by jynx (Priest)
 on Jun 01, 2004 at 15:49 UTC Need Help??

As per discussion over here.

A few notes:
• I've used closures like this before, but i don't know if this is what is meant by "memoization". As such, i'm sure i'm doing many things wrong, but i'm trying to get a feel for what was intended. Any feedback is appreciated.
• For small numbers memory space shouldn't be a problem so the duplication from having both a hash and an array isn't a big deal. For larger values i'd forego the hash and use a binsearch on the array to emulate the exists call. For larger values don't use this algorithm since its horribly inefficient.
• Graff's version later in the thread performs the caching more suitably to the problem being solved. This is meant as a more generic algorithm.

Update: Some modifications have been made. The code now only caches primes up until the square root of the candidate. It memoizes all candidates (prime or not). A purge on extraneous values occurs whenever a candidate is proposed that's lower than the current prime threshhold. A purge on extraneous values occurs directly after a fill. This means all accesses of previously checked numbers are in O(1) time.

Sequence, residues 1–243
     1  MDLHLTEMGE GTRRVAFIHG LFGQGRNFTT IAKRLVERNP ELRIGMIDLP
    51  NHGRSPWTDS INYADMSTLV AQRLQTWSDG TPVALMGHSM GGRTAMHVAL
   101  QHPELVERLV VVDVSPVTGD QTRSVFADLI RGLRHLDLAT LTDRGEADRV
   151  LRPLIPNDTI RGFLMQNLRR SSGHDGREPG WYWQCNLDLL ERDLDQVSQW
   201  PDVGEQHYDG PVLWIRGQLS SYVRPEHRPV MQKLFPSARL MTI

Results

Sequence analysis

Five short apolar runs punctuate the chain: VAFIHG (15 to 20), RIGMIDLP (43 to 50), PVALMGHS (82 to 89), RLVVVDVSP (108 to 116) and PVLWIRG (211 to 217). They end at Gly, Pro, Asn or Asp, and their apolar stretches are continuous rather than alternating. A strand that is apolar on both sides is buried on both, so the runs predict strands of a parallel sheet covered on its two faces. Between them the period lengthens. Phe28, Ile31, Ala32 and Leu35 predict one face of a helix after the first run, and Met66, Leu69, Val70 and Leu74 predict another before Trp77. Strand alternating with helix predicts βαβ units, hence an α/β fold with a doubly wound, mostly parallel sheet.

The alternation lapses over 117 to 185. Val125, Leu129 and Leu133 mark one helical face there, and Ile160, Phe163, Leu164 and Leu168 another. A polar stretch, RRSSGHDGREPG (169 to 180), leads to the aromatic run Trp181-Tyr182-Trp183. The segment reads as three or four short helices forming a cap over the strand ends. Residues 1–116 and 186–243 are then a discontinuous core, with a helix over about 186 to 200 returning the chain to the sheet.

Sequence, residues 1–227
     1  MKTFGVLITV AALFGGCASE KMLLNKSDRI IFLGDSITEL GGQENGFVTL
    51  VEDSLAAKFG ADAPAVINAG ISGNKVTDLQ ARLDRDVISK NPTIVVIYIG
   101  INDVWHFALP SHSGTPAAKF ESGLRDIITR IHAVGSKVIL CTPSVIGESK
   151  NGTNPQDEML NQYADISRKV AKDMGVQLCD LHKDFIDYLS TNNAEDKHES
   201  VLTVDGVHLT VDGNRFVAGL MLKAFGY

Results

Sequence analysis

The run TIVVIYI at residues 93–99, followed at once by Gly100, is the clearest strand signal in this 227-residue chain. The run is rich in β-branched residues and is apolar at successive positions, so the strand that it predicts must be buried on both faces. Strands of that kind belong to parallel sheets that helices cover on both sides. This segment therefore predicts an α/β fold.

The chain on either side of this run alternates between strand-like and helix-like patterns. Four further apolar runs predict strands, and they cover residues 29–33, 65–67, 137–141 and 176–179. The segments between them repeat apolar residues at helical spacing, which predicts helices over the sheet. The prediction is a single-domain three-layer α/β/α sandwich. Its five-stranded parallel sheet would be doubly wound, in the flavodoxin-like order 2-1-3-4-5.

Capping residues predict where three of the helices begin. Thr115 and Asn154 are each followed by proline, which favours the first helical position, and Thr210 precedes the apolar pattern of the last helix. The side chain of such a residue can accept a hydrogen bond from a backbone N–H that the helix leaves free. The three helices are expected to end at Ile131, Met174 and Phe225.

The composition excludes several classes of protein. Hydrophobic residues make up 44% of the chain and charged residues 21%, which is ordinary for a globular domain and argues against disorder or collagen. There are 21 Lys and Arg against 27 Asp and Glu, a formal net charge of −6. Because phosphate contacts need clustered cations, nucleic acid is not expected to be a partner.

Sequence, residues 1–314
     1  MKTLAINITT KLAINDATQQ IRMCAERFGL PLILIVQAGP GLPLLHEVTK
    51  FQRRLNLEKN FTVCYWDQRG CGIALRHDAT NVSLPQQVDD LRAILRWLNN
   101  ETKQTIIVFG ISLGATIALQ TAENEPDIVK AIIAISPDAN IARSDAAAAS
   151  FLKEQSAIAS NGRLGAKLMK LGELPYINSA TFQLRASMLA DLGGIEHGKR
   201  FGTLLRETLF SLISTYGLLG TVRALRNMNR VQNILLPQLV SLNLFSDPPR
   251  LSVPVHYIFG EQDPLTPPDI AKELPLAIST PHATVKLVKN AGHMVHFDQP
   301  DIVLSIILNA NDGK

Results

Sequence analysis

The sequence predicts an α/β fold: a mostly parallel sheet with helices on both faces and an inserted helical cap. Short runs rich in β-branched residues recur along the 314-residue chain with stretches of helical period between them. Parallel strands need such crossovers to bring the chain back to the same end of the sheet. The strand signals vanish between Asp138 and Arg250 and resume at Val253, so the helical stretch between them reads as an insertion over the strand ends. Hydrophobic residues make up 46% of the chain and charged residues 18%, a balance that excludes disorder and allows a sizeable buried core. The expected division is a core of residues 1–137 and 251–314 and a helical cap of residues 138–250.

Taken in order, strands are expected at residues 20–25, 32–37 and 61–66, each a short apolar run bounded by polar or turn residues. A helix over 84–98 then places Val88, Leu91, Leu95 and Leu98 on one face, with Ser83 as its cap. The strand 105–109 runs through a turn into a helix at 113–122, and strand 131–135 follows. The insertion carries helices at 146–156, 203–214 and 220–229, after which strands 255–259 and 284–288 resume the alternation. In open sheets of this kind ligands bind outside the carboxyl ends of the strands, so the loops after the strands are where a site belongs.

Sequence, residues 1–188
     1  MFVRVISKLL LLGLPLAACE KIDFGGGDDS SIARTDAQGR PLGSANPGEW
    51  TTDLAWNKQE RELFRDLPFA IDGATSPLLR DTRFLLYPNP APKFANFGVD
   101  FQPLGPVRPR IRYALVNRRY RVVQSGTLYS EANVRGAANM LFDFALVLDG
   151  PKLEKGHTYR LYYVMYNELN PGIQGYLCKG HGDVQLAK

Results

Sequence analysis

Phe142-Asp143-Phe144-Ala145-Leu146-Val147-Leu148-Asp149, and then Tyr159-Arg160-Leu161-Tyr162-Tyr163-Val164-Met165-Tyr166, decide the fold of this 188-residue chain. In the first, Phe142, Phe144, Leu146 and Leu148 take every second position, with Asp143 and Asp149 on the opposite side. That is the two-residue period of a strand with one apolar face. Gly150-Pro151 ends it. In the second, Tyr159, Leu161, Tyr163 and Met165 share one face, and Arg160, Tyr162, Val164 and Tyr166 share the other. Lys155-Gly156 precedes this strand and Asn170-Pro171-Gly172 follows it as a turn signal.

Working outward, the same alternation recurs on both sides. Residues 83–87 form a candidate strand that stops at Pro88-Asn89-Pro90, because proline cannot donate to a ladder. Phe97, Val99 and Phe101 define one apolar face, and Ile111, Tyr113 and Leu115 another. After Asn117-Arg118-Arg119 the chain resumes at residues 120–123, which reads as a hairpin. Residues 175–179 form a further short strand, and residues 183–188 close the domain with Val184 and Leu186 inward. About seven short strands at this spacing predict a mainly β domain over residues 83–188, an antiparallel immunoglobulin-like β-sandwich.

```{
my @primes = (2, 3);
my %primes = (2 => 2, 3 => 3);
my %memo;

my \$_is_prime = sub {
my \$posit = shift;
my \$sqrtp = sqrt(\$posit);

for my \$p (@primes) {
last if \$p > \$sqrtp;
return 0 unless \$posit % \$p;
}

return 1;
};

my \$_fill = sub {
my \$bar = int sqrt(shift);

for (my \$last = \$primes[-1] + 2; \$primes[-1] < \$bar; \$last += 2) {
if (exists \$memo{\$last} and \$memo{\$last}) {
push @primes, \$primes{\$last} = delete \$memo{\$last};
} else {
push @primes, \$primes{\$last} = \$last if \$_is_prime->(\$last);
}
}
};

my \$_purge = sub {
foreach (keys %memo) {
if (\$_ < \$primes[-1]) {
delete \$memo{\$_};
}
}
};

sub is_prime {
my \$posit = shift;

if (\$primes[-1] < \$posit) {
return \$memo{\$posit} if exists \$memo{\$posit};

\$_fill->(\$posit);
\$_purge->();
return \$memo{\$posit} = \$_is_prime->(\$posit) ? \$posit : 0;
} else {
return exists \$primes{\$posit};
}
}
}

As an amusement, here's the same algorithmic setup as above (caching all numbers <= the requested one making accessing them much faster at the expense of space), only applied to Fibonacci numbers. My guess (though i could be wrong?) is that this is just as useless as the algorithm above.

```{
my @fib = (1, 1);

sub comp_fib {
my \$posit = shift;

while (@fib < \$posit) {
push @fib, \$fib[-1] + \$fib[-2];
}

return \$fib[\$posit-1];
}
}

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